Sunday, January 8, 2017

Dimensional Paint

I first talked about acrylic dimensional Writer by Americana back when I was building my first Austrian artillery piece. It is essentially a thick paint that adds some dimension to your work, as advertised. However, the product had issues when you tried to build up a sizable area, such as the combs on my Austrian Dragoons. It took lots of layers – with an appropriate drying period in between each layer – and could only go so far before it became fragile. It is only thick paint, after all. So I limited my usage for cap peaks and such and left it at that.

While wandering through the local Hobby Lobby I noticed the following product, E6000 Allure Dimensional Design Adhesive Paint.

It comes in a 2 ounce tube, in various colors, and either gloss, glitter or metallic. So far I have only purchased Gloss Chocolate and Gloss White. My first test was to see how different it is from Americana Writer and to see whether it kept its gloss. I decided to make a shako cord for one of my 42mm cavalrymen.

The first thing you will notice is that it is like a glossy plastic. (This is after it has fully cured.) Second is that it comes out like thick pudding. It is not easy to get a solid, consistent bead. It sort of comes out in waves, giving that rippled appearance. As I get used to it more, I am sure I will get more control over it.

Here you can see it being used on a 12mm figure. In this case I have used it over the Americana Writer, which has sort of pooled and flattened out, giving a much crisper, well-defined shako peak. Further, I have created the cockade at the top and the whole of the right arm of the figure. You have much more control of the material than with hot glue.

The material takes a bit to set up, about 15 minutes or so, and takes several hours to cure. It still stays a bit tacky for a day, but I see no deformation. It is adhesive, and I see no signs of this peeling off, at least from wood (which is very porous), so your ability to manipulate it after curing will be limited to cutting with a sharp blade. Because of its rubbery nature, sanding is problematic. It is like trying to sand latex or silicone caulk, rather than plastic.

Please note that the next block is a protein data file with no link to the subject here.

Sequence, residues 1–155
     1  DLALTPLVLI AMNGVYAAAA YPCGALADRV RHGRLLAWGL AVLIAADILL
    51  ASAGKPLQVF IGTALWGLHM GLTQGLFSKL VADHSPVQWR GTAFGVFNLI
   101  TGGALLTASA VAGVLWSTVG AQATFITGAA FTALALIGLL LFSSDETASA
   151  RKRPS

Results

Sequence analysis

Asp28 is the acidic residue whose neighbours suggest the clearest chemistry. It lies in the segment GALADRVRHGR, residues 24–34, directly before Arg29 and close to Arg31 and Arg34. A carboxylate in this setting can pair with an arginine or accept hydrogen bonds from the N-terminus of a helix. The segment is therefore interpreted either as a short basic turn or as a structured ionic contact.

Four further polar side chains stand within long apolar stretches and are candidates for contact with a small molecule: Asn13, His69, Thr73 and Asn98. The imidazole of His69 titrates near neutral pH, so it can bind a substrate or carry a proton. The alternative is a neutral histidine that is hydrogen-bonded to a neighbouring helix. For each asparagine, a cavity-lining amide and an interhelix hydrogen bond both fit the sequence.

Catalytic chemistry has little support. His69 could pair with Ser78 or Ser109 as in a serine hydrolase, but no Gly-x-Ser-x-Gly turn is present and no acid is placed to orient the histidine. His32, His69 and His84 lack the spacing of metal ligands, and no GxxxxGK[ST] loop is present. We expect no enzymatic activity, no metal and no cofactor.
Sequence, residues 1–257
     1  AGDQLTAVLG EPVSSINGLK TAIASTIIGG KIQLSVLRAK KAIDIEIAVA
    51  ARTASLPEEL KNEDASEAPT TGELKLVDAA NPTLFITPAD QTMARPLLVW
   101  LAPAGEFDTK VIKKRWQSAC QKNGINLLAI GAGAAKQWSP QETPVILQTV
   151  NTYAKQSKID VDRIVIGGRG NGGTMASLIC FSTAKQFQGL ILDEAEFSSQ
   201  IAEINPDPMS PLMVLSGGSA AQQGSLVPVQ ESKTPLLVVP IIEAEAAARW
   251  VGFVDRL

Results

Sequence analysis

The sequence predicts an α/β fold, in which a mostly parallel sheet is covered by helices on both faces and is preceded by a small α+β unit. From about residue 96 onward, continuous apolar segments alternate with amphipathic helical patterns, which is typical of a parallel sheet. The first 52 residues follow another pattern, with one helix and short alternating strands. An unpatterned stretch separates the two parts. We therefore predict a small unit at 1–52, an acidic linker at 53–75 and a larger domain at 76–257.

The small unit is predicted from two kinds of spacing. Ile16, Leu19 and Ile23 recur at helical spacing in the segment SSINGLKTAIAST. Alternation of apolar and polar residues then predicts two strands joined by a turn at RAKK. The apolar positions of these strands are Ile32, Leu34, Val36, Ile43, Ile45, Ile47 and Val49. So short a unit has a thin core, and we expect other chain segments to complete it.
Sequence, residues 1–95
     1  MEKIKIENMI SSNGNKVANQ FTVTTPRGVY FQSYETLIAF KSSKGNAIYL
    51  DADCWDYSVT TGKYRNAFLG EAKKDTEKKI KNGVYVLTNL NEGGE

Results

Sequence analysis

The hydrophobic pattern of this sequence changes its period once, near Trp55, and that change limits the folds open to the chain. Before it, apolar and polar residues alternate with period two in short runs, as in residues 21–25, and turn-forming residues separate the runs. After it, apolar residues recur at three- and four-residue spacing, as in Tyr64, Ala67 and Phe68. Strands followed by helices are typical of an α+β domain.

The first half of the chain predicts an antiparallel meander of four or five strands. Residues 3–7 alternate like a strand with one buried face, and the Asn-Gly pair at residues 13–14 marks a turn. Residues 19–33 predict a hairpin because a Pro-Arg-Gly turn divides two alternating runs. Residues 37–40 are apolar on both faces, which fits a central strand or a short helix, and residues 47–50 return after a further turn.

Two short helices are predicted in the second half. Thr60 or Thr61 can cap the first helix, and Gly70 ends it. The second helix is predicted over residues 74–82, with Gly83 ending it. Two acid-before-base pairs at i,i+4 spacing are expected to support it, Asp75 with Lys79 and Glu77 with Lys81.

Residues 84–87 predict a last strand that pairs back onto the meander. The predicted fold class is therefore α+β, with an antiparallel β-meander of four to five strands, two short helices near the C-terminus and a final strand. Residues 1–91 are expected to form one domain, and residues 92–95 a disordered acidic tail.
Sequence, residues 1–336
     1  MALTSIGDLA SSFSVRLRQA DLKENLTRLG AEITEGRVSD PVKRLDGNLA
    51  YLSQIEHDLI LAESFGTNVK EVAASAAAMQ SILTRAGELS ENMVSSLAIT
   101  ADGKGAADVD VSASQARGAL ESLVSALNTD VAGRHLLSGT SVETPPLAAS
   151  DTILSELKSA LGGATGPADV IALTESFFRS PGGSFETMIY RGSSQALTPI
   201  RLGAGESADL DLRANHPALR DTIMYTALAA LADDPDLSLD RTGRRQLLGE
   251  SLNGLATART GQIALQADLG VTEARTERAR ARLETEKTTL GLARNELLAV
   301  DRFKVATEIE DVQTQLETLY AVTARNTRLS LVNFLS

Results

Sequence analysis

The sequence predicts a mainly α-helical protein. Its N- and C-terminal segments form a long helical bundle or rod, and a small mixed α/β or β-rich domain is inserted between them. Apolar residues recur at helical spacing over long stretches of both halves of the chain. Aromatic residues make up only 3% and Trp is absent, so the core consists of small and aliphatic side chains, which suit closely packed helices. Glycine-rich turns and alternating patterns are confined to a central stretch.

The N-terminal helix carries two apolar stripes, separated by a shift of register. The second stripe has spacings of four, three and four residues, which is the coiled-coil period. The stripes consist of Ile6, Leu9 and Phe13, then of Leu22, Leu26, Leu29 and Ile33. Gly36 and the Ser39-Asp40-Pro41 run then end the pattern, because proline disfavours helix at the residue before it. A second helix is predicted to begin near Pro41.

To get an idea of the thickness and control you can get, I decided to try the various products on wood. The picture above is cropped, but to get an idea of the size, the above is as wide as a wooden popsicle stick.

Item A is Americana Writer. You can see after curing overnight that it has flattened out a bit and pooled.

Item B, D and E are White Gloss Allure mixed with Americana Light Avocado craft paint (about 60%-40%). B sort of spurted out. D shows a thicker layer for dimension. E shows a thinner layer to see if the gloss is reduced and to show fine control. I mixed this with my grass green color as I wanted to see if this could be a substitute for static grass for 6mm figures, as I previously experimented with on my other blog. It looks like it can.

Item C is straight Chocolate Gloss Allure. Notice the waves and high gloss. It is much thicker and can definitely be used to make larger and taller dimensions for details.

This product is highly recommended for quickly and easily adding those details onto your figures where you need more dimension. It has the ability to easily form points and it retains much of its shape during curing with very little shrinkage, flattening or pooling. I have noted, however, that the larger the area where you put this product, the more likely it will flatten. This is great for making dots and lines, but less so for adding large, well-defined shapes.

1 comment:

  1. That is so useful for the head wear on the 19th century figures. What a quick, easy, and effective way of doing that!




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